Fairbanks is the golden heart of Alaska known for the famous gold rush in the 1900s. The city is largely built on the Gold Rush fervor. There are many ghost factories on gold mines and gold panning which you may want to visit and experience. There are hot springs in Fairbanks near the Chena River State Recreational area where you can experience them. You can visit University of Alaska and see some animals including Reindeer.
The summer arrives early in Fairbanks where you can witness midnight sun. This picture taken at 10 pm with proper daylight shows trees with fresh green leaves and the lake full of water.
Known as Route 4, it is Alaskas first road which is 368 miles long from Fairbanks to Valdez. It is known to be one of the top 10 scenic drives in the United States, one of the hidden gems of Alaska. Most of the tourists return from Fairbanks on Route 3 via Denali National Park. This drive takes you through multiple glaciers, waterfalls, river valleys, and highest elevated lakes. Irrespective of the season, you will not witness traffic on this road. Keep your cameras ready to capture all the beautiful sights. Since we traveled in May we had a totally different experience with the drive. The landscape was white with snow and frozen lakes that had landing marks of seaplanes being parked there. We were fortunate to witness two different seasons. Foggy and intermittent drizzles from Fairbanks to Glennallen and clear and sunny skies from Glennallen to Valdez. The drive to Thompson Pass was stunning with glaciers surrounding us.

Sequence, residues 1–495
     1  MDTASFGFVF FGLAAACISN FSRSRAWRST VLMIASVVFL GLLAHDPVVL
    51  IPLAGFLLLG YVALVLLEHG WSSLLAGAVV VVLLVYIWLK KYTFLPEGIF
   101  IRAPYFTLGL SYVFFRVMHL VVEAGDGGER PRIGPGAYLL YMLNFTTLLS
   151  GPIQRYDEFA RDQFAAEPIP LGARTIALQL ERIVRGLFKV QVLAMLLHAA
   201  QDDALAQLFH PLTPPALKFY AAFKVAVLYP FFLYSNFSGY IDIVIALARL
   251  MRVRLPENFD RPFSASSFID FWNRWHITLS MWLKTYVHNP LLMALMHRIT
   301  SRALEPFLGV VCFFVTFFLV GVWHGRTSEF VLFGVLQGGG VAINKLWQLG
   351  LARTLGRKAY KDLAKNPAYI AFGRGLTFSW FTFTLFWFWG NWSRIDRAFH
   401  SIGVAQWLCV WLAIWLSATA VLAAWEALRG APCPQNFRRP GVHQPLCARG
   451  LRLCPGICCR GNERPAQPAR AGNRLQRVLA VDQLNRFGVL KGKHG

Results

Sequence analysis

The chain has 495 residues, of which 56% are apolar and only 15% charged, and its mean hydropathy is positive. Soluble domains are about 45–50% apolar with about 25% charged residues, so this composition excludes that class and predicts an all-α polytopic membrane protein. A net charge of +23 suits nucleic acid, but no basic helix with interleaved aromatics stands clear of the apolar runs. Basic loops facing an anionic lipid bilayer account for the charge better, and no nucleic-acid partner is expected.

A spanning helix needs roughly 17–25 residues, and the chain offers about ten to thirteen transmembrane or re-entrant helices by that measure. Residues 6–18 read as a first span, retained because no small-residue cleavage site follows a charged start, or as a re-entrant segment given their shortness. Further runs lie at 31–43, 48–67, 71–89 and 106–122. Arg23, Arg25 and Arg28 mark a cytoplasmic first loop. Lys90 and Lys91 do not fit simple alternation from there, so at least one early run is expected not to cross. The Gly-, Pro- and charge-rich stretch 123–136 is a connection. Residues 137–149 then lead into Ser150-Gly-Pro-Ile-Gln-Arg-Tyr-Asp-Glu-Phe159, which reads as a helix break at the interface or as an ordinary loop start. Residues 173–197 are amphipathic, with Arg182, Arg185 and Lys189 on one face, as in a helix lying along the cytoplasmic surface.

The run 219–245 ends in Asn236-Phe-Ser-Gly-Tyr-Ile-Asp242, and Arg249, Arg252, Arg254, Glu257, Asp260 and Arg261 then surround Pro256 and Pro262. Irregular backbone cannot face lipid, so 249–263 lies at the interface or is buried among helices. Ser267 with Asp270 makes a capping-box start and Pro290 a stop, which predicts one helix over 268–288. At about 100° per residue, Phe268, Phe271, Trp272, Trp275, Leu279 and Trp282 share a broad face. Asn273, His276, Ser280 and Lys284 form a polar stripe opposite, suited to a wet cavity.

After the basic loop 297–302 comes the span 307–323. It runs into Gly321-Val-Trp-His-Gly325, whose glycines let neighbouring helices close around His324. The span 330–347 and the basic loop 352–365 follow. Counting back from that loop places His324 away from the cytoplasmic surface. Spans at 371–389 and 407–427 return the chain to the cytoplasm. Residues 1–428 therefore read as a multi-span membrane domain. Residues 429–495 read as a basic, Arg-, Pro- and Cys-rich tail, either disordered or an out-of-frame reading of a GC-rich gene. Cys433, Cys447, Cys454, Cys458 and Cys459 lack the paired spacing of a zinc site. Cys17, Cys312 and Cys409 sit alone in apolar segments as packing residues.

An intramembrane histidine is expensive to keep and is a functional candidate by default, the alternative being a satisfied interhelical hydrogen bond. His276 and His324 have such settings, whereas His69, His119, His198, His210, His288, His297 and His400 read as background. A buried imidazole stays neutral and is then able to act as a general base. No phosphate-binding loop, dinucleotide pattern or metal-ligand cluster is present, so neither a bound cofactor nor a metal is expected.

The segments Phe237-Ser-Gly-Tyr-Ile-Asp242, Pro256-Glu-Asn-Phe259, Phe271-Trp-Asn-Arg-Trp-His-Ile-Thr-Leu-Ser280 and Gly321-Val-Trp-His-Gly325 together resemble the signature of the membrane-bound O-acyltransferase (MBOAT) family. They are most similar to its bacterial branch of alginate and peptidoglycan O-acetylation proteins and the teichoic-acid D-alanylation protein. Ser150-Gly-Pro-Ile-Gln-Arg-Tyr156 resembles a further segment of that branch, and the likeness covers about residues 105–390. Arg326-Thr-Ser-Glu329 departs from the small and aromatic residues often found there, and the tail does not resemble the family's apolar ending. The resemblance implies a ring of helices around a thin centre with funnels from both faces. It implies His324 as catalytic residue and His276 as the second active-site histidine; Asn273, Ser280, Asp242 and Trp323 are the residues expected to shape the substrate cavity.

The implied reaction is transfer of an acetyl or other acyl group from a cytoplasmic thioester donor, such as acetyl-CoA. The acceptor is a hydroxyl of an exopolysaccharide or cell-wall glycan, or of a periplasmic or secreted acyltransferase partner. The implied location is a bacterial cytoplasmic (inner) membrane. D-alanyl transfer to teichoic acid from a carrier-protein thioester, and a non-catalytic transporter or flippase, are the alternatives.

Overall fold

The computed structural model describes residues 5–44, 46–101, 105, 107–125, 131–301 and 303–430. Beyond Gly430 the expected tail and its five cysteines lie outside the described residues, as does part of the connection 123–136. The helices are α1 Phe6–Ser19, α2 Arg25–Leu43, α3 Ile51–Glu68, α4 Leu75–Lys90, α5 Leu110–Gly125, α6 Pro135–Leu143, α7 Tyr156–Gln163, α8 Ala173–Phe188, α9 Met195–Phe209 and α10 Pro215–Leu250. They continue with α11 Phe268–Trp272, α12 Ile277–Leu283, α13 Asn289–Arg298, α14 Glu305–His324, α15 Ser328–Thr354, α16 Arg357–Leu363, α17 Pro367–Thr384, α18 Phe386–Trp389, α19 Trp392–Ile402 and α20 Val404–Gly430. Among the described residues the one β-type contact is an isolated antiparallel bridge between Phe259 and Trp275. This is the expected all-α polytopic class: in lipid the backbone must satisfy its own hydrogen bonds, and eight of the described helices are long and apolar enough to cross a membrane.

Here again, tank up on fuel as gas stations are far spread. Also, be cautious while driving through dense vegetation because wild animals like Moose and Caribou may spring up from nowhere and a collision can be disastrous. Do not get carried away by empty roads and lack of troopers because controlling speed on spotting an animal is difficult.
One of the most picturesque drives of America in snow-covered landscape. Cant believe it is the summer! The driving was an experience with empty roads and intermittent flurries, hope GoPro one day comes out with the wipers.
It is one of the largest glaciers in Alaska, accessible by car, about 100 miles north of Alaska on Glenn highway. It is famous for glacier hiking, an experience not to be missed on an Alaskan trip. There are guided hike tours available and it does not require prior experience. The tour duration is for 4 hours and they provide all the hiking paraphernalia. Each tour is limited to a group of 10-15 people with a dedicated guide, who explains the history of glaciers and other interesting facts. The glacier hike was one of the best experiences of my Alaska tour.
First ever glacier hike and what an experience? Thought I would need 3-layers of clothing in the glacier temperature but in the end I was fully drenched in sweatnature always protects you!
Our last day was reserved for Anchorage, as that was our exit point to Seattle. It was a relaxed day spent visiting museums and markets. We wandered around, did some shopping and visited an exhibition. We ended the trip on a gastronomic high as we feasted on varieties of food in Anchorage, unlike in the remote areas.